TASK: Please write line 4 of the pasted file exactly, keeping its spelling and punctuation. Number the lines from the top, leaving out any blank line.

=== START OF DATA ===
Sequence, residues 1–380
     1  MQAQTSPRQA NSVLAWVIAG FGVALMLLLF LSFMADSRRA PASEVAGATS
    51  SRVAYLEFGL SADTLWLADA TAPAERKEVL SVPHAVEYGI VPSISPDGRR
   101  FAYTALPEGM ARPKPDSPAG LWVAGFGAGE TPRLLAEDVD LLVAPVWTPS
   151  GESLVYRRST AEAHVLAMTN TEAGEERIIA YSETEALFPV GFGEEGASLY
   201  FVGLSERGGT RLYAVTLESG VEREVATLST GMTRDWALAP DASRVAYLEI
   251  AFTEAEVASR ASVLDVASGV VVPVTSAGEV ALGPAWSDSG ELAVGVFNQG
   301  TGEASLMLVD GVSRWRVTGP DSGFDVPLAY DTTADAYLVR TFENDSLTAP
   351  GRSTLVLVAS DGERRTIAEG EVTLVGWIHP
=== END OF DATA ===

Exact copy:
   101  FAYTALPEGM ARPKPDSPAG LWVAGFGAGE TPRLLAEDVD LLVAPVWTPS